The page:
Daily Tax Report: State provides authoritative coverage of state and local tax developments across the 50 U.S. states and the District of Columbia, tracking legislative and regulatory updates,...
New Jersey would collect $1 billion more in annual income tax revenue by raising rates for the top 5 percent of the state’s earners, a liberal think tank said.
The state hasn’t raised its top marginal rate of 8.97 percent on incomes above $500,000 since 2004, except for a one-year surcharge enacted after the 2008-09 recession that was allowed to lapse in 2010, according to a Sept. 12 report by the New Jersey Policy Perspective (NJPP). Vetoes by Gov. Chris Christie (R) have blocked any increases since then.
The proposal is likely to carry more weight as Christie prepares to leave office after eight years, to be succeeded in January 2018 by either Lt. Gov. Kim Guadagno (R) or Phil Murphy, a retired Goldman Sachs executive who served as ambassador to Germany under President Barack Obama and is the Democratic nominee.
The addition of four new income brackets to the highest earners would be modeled on a plan California adopted in 2013, the NJPP said.
It would also be consistent with a new top marginal bracket Maine adopted in 2016 for incomes higher than $200,000 and a Massachusetts ballot initiative slated for November 2018 to amend the state constitution for a tax hike on incomes higher than $1 million.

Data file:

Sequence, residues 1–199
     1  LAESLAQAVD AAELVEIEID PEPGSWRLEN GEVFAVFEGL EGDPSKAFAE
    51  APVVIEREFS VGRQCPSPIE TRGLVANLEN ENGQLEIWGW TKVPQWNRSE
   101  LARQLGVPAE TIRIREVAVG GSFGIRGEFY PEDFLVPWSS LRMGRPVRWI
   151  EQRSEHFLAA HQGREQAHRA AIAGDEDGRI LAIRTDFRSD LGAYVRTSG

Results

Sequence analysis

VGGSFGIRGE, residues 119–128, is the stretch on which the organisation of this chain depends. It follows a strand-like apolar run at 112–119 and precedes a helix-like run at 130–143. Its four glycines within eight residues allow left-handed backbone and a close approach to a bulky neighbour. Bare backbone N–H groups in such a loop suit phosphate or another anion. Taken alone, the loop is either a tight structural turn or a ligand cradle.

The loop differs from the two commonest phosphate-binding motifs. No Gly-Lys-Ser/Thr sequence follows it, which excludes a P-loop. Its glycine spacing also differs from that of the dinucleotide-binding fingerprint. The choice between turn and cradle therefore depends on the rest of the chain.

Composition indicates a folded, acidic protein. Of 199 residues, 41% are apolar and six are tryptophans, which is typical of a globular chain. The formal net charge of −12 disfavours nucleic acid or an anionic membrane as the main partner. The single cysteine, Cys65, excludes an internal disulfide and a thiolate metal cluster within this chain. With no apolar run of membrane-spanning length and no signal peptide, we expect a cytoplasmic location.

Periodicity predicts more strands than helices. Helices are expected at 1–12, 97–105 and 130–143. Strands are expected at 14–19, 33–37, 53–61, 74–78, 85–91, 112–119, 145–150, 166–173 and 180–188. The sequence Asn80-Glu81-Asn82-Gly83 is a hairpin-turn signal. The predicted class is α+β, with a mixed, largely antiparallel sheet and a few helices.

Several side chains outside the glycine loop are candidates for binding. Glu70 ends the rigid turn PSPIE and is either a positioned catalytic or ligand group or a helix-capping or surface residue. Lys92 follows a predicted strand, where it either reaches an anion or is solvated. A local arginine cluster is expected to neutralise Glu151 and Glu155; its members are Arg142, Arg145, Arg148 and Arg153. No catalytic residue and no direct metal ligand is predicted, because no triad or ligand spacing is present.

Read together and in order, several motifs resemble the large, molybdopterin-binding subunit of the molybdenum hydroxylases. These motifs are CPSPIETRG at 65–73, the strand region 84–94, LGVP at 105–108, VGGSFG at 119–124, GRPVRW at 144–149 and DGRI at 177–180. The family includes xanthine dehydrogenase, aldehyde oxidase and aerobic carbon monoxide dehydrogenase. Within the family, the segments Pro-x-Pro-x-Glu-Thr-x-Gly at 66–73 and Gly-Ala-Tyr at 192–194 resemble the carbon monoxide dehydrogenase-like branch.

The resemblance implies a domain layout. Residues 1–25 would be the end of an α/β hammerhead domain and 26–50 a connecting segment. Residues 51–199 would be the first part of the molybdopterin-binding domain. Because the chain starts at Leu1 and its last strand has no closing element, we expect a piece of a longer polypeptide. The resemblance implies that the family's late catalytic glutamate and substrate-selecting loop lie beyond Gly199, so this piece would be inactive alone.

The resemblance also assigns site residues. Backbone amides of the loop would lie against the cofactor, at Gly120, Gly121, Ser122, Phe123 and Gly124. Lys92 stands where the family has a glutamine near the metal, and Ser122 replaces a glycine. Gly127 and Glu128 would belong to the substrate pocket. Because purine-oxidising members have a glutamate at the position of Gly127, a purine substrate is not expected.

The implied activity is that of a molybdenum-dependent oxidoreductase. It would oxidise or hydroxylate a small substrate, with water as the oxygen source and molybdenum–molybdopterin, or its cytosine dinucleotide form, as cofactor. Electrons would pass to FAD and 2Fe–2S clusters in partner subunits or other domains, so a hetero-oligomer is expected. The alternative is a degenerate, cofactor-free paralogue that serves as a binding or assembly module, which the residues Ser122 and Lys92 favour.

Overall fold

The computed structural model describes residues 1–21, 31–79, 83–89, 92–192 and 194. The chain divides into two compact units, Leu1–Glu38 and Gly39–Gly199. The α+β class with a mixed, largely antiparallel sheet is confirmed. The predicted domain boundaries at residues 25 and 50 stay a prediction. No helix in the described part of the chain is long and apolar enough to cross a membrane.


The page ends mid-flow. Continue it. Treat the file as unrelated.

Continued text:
Opposition to income tax increases in New Jersey, the NJPP report said, has “prevented the tax code from keeping up with the times” and deprived the state “of resources needed to build widely shared prosperity.”
The proposal would add new brackets at the $250,000, $750,000, $1 million, and $2.5 million income levels and also raise rates slightly for incomes over the $500,000 threshold. It would raise $1 billion for education, aid to cities and towns, and property tax relief, while costing the state’s top 5 percent households $674 million, after federal deductions, the group said.
“The tax increase would be paid almost exclusively by New Jersey’s ultra-wealthy, with the top 1 percent—households with average annual incomes of $3 million—paying 85 percent,” according to the report.
The share of total state and local tax paid by the top 1 percent in New Jersey would rise to 7.7 percent from 7.1 percent, but that share would still be smaller than for any other income level, the group said.
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